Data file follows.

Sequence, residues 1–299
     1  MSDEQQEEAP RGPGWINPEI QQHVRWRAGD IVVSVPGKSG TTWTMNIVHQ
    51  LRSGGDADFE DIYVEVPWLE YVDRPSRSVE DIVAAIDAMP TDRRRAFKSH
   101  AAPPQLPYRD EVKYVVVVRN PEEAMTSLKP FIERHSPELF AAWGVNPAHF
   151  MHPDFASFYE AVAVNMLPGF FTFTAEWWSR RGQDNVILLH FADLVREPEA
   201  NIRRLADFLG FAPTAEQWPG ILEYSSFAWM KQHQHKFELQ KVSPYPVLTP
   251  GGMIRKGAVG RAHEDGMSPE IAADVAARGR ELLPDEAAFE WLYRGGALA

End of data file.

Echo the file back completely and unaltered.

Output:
Sequence, residues 1–299
     1  MSDEQQEEAP RGPGWINPEI QQHVRWRAGD IVVSVPGKSG TTWTMNIVHQ
    51  LRSGGDADFE DIYVEVPWLE YVDRPSRSVE DIVAAIDAMP TDRRRAFKSH
   101  AAPPQLPYRD EVKYVVVVRN PEEAMTSLKP FIERHSPELF AAWGVNPAHF
   151  MHPDFASFYE AVAVNMLPGF FTFTAEWWSR RGQDNVILLH FADLVREPEA
   201  NIRRLADFLG FAPTAEQWPG ILEYSSFAWM KQHQHKFELQ KVSPYPVLTP
   251  GGMIRKGAVG RAHEDGMSPE IAADVAARGR ELLPDEAAFE WLYRGGALA